(This workout is from the Slim Shape & Sculpt series, commonly known as the
I like this workout the best from this series. With the lunges and squats and the
Ramp my heart rate gets into the same range as it does with Lisa Kay's Cardio Sculpt
Blaster. With most of Leslie?s workouts just get into my target zone, with this
I am solidly in the middle.
Like the other Walkblaster workouts, the warm-up is Leslie's "four basic moves"
plus tapping on the Ramp. Leslie does fewer arm movements then in her regular walking
workouts but with the optional hand weights she does more than in the other Walkblaster
workouts. The workout itself consists of two slower "strength" sections sandwiched
around an aerobic portions with both faster and slower walking and ramping. There
is a meter that comes up at one mile "if you're following our mile system" but there
is no other milage meter at the end. The one mile meter comes up at around 22 minutes
but there is one complete "strength" section within that time. Leslie's stretch
at the end emphasizes the hamstrings instead of her usual calves.
The moves Leslie has added to use the Ramp are tapping the Ramp; 3 steps and a tap
with the tap on the ramp (she does this moving to the side so the taps are on the
green and purple sections); stepping on the blue section and tapping the green or
purple sections, stepping back and doing the other side; tapping across the body
(left foot taps purple, right foot taps green); walking wide on to the Ramp (becomes
sort of a V-step); and a mambo with the front step on the Ramp (sometimes just stepping
on the blue and sometimes moving so that the forward Ramp step is on the blue, on
the purple, on the blue, on the green, etc) . In this workout she also does a move
where you turn to the side and tap the blue then the floor several times then tap
the green then the purple several time. This move actually works the standing leg
(stabilizers) quite well.
The first strength training section is lower body - lunges or squats with one leg
on the Ramp and some squats with both feet on the floor. These exercises are done
with body weight only. One of the things that bothers me in both strength section
is that she stops moving/walking to set up the exercises. It noticeable slows the
workout down. Unfortunately even with this stop of the action, she does not give
much in the way of form pointers. Her instructions for a squat are to sit back
and to push through the heel. But the feel is much less emphasis on form then in
many other workouts.
During the second strength training section you can have hand weights which are
picked up during the cardio section. Leslie and one background exerciser have weighted
gloves, three exercisers have two pound weighted balls (the set came with one pounders
when I got it) and two exercisers don't use weights. This section does lunges and
squats again and some bicep curls and overhead presses (what Leslie calls lifting
the weights over your head). She does not make as much use of the weights as she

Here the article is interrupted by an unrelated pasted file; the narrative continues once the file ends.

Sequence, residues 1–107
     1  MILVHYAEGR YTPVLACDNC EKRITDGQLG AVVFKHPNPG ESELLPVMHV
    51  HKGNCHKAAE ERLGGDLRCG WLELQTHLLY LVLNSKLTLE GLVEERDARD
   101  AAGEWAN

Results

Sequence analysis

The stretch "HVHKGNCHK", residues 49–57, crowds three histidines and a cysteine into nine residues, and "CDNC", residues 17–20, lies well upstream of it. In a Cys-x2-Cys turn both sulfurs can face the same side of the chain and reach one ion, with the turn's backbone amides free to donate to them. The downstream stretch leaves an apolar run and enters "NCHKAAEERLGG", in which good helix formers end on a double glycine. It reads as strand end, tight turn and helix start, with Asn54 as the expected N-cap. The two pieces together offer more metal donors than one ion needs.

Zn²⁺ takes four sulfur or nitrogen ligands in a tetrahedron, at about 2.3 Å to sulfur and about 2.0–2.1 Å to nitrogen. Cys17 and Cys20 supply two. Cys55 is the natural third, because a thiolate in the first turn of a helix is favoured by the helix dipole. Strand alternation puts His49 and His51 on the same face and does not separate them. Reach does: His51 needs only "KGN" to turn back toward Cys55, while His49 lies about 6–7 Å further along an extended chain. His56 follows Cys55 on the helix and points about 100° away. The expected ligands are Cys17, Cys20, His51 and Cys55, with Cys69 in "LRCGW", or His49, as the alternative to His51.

does in other workouts in which she uses weights.
Leslie does not use the words left and right in her cueing at all. If you are used
to her WATP series and later where she starts on your right and mirror cues, you
will have to pay attention because she starts on your left if you are mirroring
her; side steps start to the left, kicks and knee lifts start with the left. Her
directional cues are usually "this side" or by color on the Ramp. When she cues
by color she does by what is in front of her. So when she says step on the green,
I am stepping on the purple. (I also have a Gin Miller Ramp workout and Gin manages
to mirror cue the ramp colors appropriately). Any time she does a movement in
which only one foot is striking the ramp she will switch lead legs and do the other
side. She does not make this change as smoothly as other instructors such as Gin
Miller , Petra Kobler and Kathy Smith. If you are really conscientious about the
beat it feels as if you got off beat because of the transition to the other leg.
Some general notes on the equipment, set and background exercisers:
The "Walkblaster", as Leslie calls it, is the Ramp (it says so on the ones in the
video) from Gin Miller?s Ramping workouts. There are three colors used to identify
where to step - blue in the middle, green on the left and purple on the right.
Leslie only talks about using it at the lowest incline.
The set is open and well lit. The logos for the series and the workout are projected
on the wall and floor in white light.
The background exercisers are Joanne, from Leslie?s Studio (?Grandma Jo?), Tracy
from WATP for Abs, Dre from WATP Express, and three new walkers: Jimmy, who is more
muscular than most of Leslie?s background exercisers, and the mother and daughter
team of Kim and April. April really makes the most of every move almost hopping
on the Ramp sometimes. If you need encouragement to increase the intensity of Leslie?s
workout then just watch April.
Overall I enjoy this workout. I regularly do a range of cardio from Leslie's walking
workouts, to Donna Richardson to the Firm. The intensity of this workout is higher
that Leslie's normal walking workouts but not much. At about 40 minutes can squeeze
it in on the days I go to work when 30 minutes is the ideal length of workout.
I like Leslie. Her cuing is okay but she doesn't really get mirror cuing which
is a shame since a big part of her audience is beginners. In this series she starts
on the left and does not give right and left instruction -- usually "this side"
or "now the other leg" but se cues the Ramp/Walkblaster colors as she
sees them not as the exerciser mirroring her does.
I don't know if it is the ramp or the fact that she starts on the left but she seems
to get off beat less in this set of workouts.
She is her normal chatty self which does not bother me but does bother some people.